Premium Cut a Boon for FHA Refinancing
Early 2015 is presenting a great opportunity for homeowners wishing to refinance their FHA mortgage, owing to a combination of low mortgage rates and a sharp reduction in the annual mortgage insurance premium.
Beginning last week, the FHA slashed its annual mortgage insurance premiums by a full half a percentage point, cutting the premium on its most popular loan type to 0.85 percent, down from 1.35 percent previously. It's estimated the change will save borrowers $900 a year on an FHA-average $180,000 mortgage.
Best opportunity could be in the coming months
With mortgage rates once again bumping down near historic lows, the premium reduction offers homeowners with FHA mortgages a window of opportunity to refinance on bargain terms. With the Federal Reserve hinting about possibly beginning to raise rates later in the year, the best deals could be in the first half of the year.
Lenders are gearing up for an expected boost in FHA refinancing, hiring additional staff to meet the demand. One lender, Freedom Mortgage, is reportedly adding 500 new loan officers to handle increased demand in the first half of 2015, according to industry publication Inside Mortgage Finance.
Demand is already kicking in since the premium reduction took effect on Jan. 26, with the Mortgage Bankers Association reporting that FHA loans increased to 13.1 percent of all mortgage applications last week, up from 9.1 percent previously, during a week when total loan applications were up slightly.
FHA streamline refinance simplifies process
Borrowers best positioned to take advantage of the premium reduction are those who already have an FHA mortgage, as such homeowners are eligible for what is called a streamlined refinance. In such an arrangement, the application process is simplified and approval is almost guaranteed as long as you've stayed current on your mortgage payments.
With a streamlined refinance, it doesn't matter how little home equity you have or even if you're underwater on your mortgage, because the requirement for an appraisal is waived. Similarly, there's no requirement to verify your income, employment status or credit score either, aside from your payment history on the loan itself.
Why such easy terms? Since the FHA is already backing your current mortgage but doesn't profit from the interest rate you pay (that goes to investors), it actually benefits from putting you into a more affordable loan with a decreased risk of default. That's what a streamlined refinance is all about.
Different rules for pre-June 2009 loans
To be sure, the reduction in the insurance premium primarily benefits streamlined refinancers who obtained their current FHA mortgage since June 1, 2009. That's because anyone with an FHA mortgage obtained prior to that date is already grandfathered into the lower insurance premium that was charged back then, and can keep that same premium when they refinance.
But those who took out an FHA mortgage since that date could shave 1-2 percentage points off their interest rate by refinancing, particularly those who bought their homes by the end of 2011. It's estimated that as many as 1 million homeowners could benefit from an FHA refinance under the new terms, according to Inside Mortgage Finance.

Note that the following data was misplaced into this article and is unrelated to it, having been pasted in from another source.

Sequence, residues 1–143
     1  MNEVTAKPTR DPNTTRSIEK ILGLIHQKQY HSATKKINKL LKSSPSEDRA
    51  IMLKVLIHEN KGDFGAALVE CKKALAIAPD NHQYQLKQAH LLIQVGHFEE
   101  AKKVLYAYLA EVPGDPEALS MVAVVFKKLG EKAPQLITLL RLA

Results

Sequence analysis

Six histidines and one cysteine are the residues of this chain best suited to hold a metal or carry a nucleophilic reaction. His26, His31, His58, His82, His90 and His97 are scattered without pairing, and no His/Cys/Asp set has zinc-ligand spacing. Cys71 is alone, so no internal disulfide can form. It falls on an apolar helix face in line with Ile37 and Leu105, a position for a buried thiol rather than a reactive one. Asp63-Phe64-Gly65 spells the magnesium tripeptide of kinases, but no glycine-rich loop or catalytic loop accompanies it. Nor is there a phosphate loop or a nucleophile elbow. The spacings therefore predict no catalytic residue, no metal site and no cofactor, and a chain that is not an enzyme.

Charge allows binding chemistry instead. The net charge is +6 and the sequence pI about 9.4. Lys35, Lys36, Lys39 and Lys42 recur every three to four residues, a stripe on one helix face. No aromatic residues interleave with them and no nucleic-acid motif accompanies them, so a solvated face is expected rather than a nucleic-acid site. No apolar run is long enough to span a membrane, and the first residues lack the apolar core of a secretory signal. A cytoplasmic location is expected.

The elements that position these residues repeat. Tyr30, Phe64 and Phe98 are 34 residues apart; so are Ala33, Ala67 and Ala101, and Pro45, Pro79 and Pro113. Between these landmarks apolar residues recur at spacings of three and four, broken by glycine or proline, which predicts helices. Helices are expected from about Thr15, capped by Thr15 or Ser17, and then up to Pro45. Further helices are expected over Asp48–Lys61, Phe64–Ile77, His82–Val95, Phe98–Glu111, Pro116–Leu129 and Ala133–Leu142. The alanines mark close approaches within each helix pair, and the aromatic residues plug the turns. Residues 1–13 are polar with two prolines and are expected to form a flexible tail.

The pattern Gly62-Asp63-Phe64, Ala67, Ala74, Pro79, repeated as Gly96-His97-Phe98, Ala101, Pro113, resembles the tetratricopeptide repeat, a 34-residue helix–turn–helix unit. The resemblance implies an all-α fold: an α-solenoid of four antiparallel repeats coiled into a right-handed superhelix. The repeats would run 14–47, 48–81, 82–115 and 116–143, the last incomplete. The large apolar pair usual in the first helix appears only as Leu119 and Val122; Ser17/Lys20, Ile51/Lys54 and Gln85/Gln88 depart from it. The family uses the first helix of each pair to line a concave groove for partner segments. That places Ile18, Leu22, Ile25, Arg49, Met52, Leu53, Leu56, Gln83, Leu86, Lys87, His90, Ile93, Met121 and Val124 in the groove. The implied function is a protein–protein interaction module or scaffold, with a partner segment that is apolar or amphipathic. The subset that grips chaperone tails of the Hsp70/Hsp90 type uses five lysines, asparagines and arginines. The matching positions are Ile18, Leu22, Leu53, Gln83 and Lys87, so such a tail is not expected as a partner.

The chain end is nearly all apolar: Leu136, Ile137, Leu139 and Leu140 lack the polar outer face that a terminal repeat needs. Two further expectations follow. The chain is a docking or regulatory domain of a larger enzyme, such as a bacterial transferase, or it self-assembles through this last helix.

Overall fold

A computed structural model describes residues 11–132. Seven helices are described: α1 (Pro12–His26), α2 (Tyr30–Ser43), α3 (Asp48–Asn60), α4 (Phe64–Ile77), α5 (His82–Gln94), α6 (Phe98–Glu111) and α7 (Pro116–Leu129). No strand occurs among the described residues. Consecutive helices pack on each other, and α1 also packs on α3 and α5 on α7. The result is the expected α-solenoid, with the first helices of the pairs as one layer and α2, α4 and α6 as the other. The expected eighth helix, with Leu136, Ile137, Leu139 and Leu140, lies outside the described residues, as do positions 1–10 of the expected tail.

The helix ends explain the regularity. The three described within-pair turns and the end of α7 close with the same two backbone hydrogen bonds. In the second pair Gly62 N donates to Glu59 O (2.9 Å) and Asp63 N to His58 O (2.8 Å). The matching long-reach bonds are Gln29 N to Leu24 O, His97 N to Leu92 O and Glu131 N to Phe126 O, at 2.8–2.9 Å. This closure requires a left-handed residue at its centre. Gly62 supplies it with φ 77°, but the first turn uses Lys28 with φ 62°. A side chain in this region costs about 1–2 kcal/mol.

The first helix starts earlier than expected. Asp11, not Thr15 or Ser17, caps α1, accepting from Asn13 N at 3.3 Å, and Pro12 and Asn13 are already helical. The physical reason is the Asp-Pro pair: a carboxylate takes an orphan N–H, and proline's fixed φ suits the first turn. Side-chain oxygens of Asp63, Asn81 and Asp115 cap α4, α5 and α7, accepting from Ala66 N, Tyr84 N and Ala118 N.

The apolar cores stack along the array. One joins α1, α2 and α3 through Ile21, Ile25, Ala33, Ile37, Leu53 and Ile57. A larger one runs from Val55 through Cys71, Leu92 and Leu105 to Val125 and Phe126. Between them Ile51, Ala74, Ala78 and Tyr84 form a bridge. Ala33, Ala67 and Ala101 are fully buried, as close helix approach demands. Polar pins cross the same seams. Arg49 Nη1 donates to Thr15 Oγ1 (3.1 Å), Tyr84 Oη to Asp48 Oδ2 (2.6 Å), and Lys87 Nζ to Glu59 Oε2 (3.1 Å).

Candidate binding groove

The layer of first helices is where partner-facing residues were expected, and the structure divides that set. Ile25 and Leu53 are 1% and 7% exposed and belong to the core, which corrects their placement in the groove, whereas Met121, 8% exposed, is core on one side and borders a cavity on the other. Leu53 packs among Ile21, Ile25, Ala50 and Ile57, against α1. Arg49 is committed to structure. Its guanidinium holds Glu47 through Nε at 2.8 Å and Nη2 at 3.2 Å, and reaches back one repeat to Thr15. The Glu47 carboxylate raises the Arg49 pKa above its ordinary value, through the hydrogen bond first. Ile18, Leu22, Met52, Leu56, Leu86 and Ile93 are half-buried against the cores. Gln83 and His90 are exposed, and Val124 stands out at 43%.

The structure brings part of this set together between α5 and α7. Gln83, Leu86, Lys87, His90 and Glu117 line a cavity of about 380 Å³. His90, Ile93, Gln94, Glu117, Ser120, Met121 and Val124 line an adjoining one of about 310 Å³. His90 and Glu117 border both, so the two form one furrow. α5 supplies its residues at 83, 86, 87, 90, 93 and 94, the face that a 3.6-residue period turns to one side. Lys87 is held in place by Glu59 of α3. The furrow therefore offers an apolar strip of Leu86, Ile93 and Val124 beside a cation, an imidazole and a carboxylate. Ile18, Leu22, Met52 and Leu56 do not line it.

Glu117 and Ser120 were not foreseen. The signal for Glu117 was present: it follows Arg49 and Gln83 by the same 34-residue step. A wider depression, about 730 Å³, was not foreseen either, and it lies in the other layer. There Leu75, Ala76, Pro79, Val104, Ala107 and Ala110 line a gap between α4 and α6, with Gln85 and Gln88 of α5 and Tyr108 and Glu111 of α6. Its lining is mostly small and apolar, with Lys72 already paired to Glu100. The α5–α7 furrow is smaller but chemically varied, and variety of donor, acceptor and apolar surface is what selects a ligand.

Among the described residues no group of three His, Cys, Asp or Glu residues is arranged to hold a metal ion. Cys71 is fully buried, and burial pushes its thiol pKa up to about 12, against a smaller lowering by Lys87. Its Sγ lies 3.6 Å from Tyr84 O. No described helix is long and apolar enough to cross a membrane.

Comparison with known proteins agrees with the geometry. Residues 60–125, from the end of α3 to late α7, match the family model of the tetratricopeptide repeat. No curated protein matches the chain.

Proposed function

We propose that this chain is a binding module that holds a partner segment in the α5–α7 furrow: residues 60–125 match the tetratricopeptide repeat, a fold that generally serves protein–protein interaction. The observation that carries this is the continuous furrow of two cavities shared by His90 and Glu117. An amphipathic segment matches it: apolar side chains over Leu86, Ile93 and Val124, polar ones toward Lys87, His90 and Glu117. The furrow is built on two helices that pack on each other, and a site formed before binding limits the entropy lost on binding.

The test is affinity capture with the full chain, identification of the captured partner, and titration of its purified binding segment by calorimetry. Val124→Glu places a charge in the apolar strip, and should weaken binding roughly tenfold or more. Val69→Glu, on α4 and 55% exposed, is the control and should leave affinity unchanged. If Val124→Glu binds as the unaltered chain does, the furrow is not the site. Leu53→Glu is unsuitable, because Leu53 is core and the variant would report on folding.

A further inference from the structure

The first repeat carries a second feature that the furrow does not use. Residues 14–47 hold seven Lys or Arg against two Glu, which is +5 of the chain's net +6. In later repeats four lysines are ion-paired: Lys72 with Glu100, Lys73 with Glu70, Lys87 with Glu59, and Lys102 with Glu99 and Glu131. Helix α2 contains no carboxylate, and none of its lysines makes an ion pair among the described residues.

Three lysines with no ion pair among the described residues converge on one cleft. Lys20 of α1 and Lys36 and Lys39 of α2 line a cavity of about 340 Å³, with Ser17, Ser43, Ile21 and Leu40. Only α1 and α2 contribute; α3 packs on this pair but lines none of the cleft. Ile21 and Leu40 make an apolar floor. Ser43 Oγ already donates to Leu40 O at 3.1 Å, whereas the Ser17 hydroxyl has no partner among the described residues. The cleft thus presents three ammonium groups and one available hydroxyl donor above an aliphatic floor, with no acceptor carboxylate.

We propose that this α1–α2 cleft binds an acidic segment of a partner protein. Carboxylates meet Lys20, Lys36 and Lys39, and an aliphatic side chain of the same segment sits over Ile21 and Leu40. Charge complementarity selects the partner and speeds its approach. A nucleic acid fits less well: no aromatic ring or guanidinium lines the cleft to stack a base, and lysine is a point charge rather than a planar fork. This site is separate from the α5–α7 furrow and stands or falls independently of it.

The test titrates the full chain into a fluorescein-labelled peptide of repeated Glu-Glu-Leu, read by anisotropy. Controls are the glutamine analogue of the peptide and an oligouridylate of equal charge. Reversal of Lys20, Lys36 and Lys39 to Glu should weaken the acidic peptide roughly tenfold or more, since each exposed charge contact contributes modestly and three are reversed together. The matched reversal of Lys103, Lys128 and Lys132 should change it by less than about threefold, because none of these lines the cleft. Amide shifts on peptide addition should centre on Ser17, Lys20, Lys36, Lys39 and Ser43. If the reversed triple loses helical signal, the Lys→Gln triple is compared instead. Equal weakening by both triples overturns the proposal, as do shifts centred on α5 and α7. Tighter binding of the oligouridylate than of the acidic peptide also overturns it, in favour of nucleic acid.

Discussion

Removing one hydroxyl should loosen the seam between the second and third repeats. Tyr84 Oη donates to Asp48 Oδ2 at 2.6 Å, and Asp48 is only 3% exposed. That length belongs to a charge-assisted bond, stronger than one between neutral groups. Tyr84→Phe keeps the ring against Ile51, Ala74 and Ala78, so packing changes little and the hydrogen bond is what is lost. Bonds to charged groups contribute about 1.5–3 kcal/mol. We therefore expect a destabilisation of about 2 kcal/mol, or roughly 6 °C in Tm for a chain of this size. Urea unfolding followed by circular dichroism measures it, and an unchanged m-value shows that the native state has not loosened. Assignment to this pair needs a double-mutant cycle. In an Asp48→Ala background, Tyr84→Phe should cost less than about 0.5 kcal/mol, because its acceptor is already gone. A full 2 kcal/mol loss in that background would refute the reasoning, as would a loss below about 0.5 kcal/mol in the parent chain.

Refinancing for non-FHA homeowners
It's not just those who currently have FHA mortgages that could benefit, but homeowners with non-FHA mortgages could use them to refinance into an FHA loan as well. This is primarily expected to benefit homeowners with mid-range credit scores and at least some home equity, since FHA credit requirements are less stringent than on Fannie Mae or Freddie Mac mortgages.
FHA interest rates typically run slightly lower than on Fannie/Freddie loans, so the current reduction in the annual insurance premium puts them on near-equal footing, though the FHA continues to charge a 1.75 percent upfront insurance premium that the other two do not.
One downside to be aware of
One potential downside for borrowers using an FHA refinance is that you could be required to carry mortgage insurance for the life of the loan, rather than being able to cancel it once you reach 20 percent equity as you can with other mortgages.
On a home purchase mortgage or conventional refinance, you have to carry mortgage insurance for the duration of the loan if your down payment or home equity is less than 10 percent of the home value; on an FHA streamline, you need to carry if for the duration of the loan if your down payment was less than 10 percent on the original mortgage. If you have more than 10 percent equity, you can cancel mortgage insurance after 11 years.
Again, there is an exemption for those who are refinancing FHA mortgages that were originated prior to June 1, 2009, and who still can cancel mortgage insurance on the new loan once they reach 20 percent equity.
It is possible to cancel the annual mortgage insurance by doing a regular refinance once you reach 20 percent equity, but that may not make financial sense if mortgage rates have risen significantly in the meantime.
Even so, the current window of opportunity gives many borrowers a chance to reduce their current interest rate and save money over the long term, or perhaps pay their mortgage off faster by refinancing into a 15-year loan with an even lower rate. But if you're a current FHA mortgage holder and are thinking of refinancing, the next few months could be your best time to do so.
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